This unit, designed by G4COM, is a very useful "tool" for adjusting receiver preamplier stages for optimum noise figure. It is very simple to use and easy to make. A complete kit is available in the UK and the writer's example shown here was built up from one of them. However, it can be made from "scratch" at home but the nice pcb included in the kitset was too much for your scribe to resist!
The front panel switches are (left to right): power on/off, noise on/auto/off, full scale meter range 5dB/15dB.
The meter shows the relative noise figure of the amplifier under test. The unit produces wideband noise across the spectrum from DC up to the high UHF bands. Microwave noise output at 10GHz is also possible as the unit provides a voltage to drive a microwave diode noise generator. If the noise source output can be accurately established, then an absolute noise figure measurement can be obtained. Most amateurs, however, are happy enough to see relative improvements made to their receive system and can arrange to get absolute measurements at various amateur technical gatherings such as the regular RSGB Microwave Round Table meetings. As I said above, this little unit will get you into the ballpark, ready for that session on the Hewlett Packard!
The general idea of the system is to feed the audio output of the receiver under test into the Noise Comparator while the noise generator output of the unit is fed into the receiver rf stage. The noise figure of the receive is a measure of the ratio between the rectified audio voltage across the terminals of the Comparator's monitor speaker, with and without noise generator input. Simple noise measuring devices often use manual on/off switching of the noise generator. The G4COM noise comparator switches the noise on and off automatically, at a rapid rate. The front panel meter indicates the difference between the two states. Adjustments to the preamplifer under test produce a HIGHER meter reading as the noise figure is LOWERED, indicating a bigger difference between the constant output of the internal noise generator and the operator-adjusted internal noise produced in the preamp itself. The two, switched ranges (5dB and 15dB full scale) make even low noise figure readings possible. The heavily damped meter indication is quite stable enough to notice fractions of a dB change with adjustments. It essential to operate the receiver without AGC, i.e. on the linear portion of its gain curve, when using this equipment. Thus noise blankers and agc must be disabled. FM receivers must not be driven into limiting.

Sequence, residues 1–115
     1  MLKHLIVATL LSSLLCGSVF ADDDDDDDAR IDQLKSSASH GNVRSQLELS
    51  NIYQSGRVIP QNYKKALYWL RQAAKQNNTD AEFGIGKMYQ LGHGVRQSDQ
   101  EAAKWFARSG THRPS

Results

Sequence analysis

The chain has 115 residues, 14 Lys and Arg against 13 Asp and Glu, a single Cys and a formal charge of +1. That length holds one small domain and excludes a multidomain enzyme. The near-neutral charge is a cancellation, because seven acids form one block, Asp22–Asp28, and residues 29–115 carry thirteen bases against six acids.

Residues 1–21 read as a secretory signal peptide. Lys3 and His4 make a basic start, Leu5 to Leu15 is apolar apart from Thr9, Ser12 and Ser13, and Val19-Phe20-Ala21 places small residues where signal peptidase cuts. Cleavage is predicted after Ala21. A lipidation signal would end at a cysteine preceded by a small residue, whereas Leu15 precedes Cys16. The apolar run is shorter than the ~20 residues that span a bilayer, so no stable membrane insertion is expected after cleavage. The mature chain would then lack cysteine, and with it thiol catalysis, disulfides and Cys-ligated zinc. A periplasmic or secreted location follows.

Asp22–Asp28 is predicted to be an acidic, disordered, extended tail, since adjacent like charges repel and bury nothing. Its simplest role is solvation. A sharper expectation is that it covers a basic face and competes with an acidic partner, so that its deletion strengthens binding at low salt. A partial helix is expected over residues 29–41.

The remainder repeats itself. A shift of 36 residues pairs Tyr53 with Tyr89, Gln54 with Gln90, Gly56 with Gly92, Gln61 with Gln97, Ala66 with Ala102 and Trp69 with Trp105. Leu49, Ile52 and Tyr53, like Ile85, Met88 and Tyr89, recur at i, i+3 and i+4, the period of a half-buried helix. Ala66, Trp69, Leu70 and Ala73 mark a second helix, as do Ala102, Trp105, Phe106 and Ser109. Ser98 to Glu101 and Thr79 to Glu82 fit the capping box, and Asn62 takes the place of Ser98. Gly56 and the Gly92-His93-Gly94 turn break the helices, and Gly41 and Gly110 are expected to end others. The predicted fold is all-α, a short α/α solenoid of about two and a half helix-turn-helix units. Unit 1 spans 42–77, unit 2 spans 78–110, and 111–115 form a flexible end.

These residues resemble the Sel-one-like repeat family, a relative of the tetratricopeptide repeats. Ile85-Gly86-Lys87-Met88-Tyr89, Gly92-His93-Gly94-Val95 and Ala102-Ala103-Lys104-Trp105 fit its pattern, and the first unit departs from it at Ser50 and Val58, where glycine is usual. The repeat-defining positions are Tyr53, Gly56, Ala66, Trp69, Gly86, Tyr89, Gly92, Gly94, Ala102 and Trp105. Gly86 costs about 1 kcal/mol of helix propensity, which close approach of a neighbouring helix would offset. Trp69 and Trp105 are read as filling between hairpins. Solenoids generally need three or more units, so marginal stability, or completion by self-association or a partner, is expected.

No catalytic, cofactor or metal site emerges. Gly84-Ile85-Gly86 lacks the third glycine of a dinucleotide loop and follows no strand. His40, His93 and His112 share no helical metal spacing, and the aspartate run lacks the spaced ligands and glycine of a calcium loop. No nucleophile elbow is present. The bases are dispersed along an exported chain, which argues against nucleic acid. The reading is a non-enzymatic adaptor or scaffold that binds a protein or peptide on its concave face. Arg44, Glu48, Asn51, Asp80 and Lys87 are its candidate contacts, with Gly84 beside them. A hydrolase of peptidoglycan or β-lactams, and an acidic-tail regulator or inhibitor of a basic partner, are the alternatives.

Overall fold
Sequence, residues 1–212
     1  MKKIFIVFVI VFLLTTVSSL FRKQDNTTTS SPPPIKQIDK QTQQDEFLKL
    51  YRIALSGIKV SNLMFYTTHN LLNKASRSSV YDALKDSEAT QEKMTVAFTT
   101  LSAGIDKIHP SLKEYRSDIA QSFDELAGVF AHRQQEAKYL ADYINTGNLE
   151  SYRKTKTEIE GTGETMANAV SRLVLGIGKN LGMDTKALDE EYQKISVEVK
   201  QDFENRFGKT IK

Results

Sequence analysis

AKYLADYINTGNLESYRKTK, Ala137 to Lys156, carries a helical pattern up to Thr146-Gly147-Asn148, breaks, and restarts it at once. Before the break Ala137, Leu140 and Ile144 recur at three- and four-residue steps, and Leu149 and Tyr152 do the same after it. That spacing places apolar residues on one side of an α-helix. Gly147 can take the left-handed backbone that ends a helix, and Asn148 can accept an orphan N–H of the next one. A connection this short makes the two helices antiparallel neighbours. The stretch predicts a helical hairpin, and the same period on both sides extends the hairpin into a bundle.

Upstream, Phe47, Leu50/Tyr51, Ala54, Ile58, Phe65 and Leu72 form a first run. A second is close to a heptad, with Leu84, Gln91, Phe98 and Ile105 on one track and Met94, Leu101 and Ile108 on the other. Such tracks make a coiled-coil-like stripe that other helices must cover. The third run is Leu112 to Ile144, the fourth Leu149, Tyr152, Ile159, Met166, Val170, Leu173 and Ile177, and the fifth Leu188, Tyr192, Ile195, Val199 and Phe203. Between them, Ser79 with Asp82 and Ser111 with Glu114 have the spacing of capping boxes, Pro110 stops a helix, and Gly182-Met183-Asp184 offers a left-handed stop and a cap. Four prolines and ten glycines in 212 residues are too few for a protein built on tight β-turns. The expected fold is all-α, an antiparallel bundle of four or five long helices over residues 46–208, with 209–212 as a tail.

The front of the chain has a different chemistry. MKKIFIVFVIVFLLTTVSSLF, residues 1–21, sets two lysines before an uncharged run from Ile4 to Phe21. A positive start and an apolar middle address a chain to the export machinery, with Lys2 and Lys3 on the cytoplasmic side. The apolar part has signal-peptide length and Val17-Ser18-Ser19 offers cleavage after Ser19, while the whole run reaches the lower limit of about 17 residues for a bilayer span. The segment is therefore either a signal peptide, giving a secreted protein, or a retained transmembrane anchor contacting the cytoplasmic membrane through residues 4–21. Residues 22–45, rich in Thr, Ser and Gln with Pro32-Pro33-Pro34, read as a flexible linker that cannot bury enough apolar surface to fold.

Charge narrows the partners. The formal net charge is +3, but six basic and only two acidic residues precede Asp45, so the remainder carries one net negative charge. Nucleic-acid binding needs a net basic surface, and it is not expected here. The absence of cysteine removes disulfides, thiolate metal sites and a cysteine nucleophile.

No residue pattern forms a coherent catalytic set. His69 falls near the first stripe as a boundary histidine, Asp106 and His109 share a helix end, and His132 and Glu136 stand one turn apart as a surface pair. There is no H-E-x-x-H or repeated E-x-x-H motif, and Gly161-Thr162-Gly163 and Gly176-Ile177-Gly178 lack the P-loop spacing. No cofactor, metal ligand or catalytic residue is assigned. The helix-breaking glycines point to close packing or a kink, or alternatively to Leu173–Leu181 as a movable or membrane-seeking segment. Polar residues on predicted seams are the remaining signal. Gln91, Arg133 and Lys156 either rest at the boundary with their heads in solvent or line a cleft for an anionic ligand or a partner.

The switching voltage in the unit is derived from a simple astable multivibrator operating at 30Hz, while the internal noise generator uses a transistor operated as a diode in reverse breakdown, its dc bias voltage being controlled by the multivibrator.
The meter reads linearly in dB across its range. The receiver under alignment is automatically terminated at 50 ohms at its antenna input when connected the Comparator's noise output connector.
HANDS ELECTRONICS, Tegryn, Llanfyrnach, Dyfed, SA35 0BL, Wales, UK
Telephone: (UK) 023977 427
(It is suggested you first write "snailmail" for latest prices, shipping charges, etc.)
BADGER BOARDS, J.A.B ELECTRONIC COMPONENTS,
P.O. Box 5774, Great Barr, BIRMINGHAM, B44 8PJ,
Telephone: (UK) 0121 682 7045
Fax: (UK) 0121 681 1329
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